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A Business Case for Diversity

In 2014, Australia dropped in the ranks from 17th to 20th position against other OECD countries, on female economic empowerment. It is widely recognised that representation of women and culturally diverse leaders in Australia is lagging behind many countries of the world. This discrepancy doesn’t only become apparent at the leadership level but at the very entry level of many organisations. 

Technical, mining and construction fields are amongst the ones who suffer more disproportionately than their white-collar counterparts, although the diversity situation is not impressive in many ASX listed companies and beyond. Those that are coming out on top of the list, with best business performance and healthiest shareholder returns, are the ones who have female Chief Executives at the helm, and those that have been heavily investing in diversity strategies.  

In Australia, 50.2% of the population are female and 64.6% are of non-Australian ancestry. It logically follows that our workplaces should be reflective of this composition, therefore representing the society that we live in and the communities that we serve. Unfortunately, this isn’t the case. In a recent report by Diversity Council Australia, into the culture of ASX 200 listed business leaders, it was found that only 12% of company directors are women and only 3.5% of CEO’s are women, while 97% of board chairs were men.

While it might seem common sense that diversity is good for business, many organisations still struggle to articulate a coherent and robust business case for consistent and targeted investment in diversity. The reality is that diversity is good news for everyone involved: communities, organisations, employees and customers – and it can benefit your business in a number of ways.

Attract the Best

The talent landscape is changing organically – women comprise 52.1% of professionals and 45.7% of all employees in Australia, and female graduates are now outnumbering male graduates at Australian universities. Even in STEM courses that have traditionally suffered from a poor female student pipeline, numbers are rising from 12% female representation ten years ago, to almost 30% in 2016.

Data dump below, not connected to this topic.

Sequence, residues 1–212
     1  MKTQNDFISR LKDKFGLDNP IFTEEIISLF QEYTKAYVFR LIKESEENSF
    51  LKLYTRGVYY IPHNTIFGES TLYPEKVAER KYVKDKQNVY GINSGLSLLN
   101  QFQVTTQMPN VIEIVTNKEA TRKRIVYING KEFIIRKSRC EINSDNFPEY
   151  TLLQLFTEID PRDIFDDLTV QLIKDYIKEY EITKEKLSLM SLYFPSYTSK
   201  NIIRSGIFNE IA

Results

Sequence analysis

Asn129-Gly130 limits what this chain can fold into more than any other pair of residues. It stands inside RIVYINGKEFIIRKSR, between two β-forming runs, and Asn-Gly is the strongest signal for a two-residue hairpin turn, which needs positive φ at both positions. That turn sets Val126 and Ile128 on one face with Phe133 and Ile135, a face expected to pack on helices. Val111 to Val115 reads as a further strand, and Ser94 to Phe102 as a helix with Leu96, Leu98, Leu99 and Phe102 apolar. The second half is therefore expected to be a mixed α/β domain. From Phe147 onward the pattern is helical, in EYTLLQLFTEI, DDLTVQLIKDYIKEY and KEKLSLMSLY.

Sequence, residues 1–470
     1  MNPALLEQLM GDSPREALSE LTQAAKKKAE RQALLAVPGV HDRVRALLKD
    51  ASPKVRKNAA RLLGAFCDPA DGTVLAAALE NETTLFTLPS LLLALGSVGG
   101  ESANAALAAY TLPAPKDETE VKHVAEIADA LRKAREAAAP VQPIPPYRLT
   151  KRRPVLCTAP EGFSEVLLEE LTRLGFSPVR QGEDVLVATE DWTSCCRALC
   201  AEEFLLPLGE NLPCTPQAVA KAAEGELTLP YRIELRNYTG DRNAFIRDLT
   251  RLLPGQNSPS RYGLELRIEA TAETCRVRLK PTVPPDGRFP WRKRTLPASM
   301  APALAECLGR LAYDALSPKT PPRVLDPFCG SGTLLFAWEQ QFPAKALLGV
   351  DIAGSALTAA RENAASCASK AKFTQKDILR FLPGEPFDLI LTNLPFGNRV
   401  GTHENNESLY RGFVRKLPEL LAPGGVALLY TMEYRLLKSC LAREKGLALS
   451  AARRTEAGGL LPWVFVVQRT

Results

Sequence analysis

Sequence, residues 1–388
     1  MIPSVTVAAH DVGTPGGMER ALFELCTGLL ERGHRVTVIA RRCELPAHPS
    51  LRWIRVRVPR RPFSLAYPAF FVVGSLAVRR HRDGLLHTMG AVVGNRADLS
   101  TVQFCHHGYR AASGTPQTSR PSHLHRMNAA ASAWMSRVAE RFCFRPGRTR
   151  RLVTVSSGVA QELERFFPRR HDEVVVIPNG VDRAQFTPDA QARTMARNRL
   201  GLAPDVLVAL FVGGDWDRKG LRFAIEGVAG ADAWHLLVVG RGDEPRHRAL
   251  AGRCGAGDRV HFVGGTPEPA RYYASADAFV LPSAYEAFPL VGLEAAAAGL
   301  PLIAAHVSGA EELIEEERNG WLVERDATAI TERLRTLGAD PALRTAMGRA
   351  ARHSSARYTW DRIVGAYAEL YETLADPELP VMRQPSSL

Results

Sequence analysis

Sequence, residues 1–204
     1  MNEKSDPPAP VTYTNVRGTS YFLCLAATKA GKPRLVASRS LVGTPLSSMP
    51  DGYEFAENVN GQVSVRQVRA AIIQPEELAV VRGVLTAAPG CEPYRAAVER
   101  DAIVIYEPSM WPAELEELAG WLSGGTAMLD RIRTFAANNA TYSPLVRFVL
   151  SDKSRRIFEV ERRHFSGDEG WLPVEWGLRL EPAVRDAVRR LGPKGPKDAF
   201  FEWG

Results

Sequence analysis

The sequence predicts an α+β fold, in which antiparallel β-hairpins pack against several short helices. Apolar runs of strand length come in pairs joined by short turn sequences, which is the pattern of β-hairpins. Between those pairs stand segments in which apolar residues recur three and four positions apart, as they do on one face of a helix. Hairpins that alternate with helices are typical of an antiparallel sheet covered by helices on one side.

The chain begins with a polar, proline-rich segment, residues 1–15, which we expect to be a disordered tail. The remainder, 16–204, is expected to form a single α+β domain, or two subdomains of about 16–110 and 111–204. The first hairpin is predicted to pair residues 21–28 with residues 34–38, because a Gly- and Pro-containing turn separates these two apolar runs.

20% more women aged 25-34, than men, hold Bachelor’s Degrees

Furthermore, with the prevalence of online learning in the last ten years, the demographics of graduates are evolving – mature aged students, students from disadvantaged backgrounds and students with family commitments, are finding ways to obtain qualifications thanks to the improved accessibility of education.

Having the best talent is a key factor in business performance. In order to capture the best talent available, organisations must ensure that their brand is relevant and appealing to the diverse pool of candidates in the job market. One way of achieving this is to build a more diverse workforce, therefore demonstrating your organisation’s commitment to, and effort towards creating equal opportunities.

Retain the Best

It can cost up to $120K to replace a mid-level employee

The cost of replacing an employee can be up to 75% of their annual salary, depending on the level of their job role. Workplaces that have higher levels of diversity, show 24% greater retention of employees. This happens via two mechanisms: one is the increased sense of belongingness in a work community that values people’s differences and takes advantage of their unique experiences; the second is the increased emotional commitment to colleagues, likely driven by the perceived sense of being a valued team member. It is reported that there is 21% more emotional commitment to colleagues in more diverse workplaces. 

Enhance Performance

There is compelling evidence that workforce diversity is good for the bottom line. There is an 80% improvement in business performance when levels of diversity are high across the business.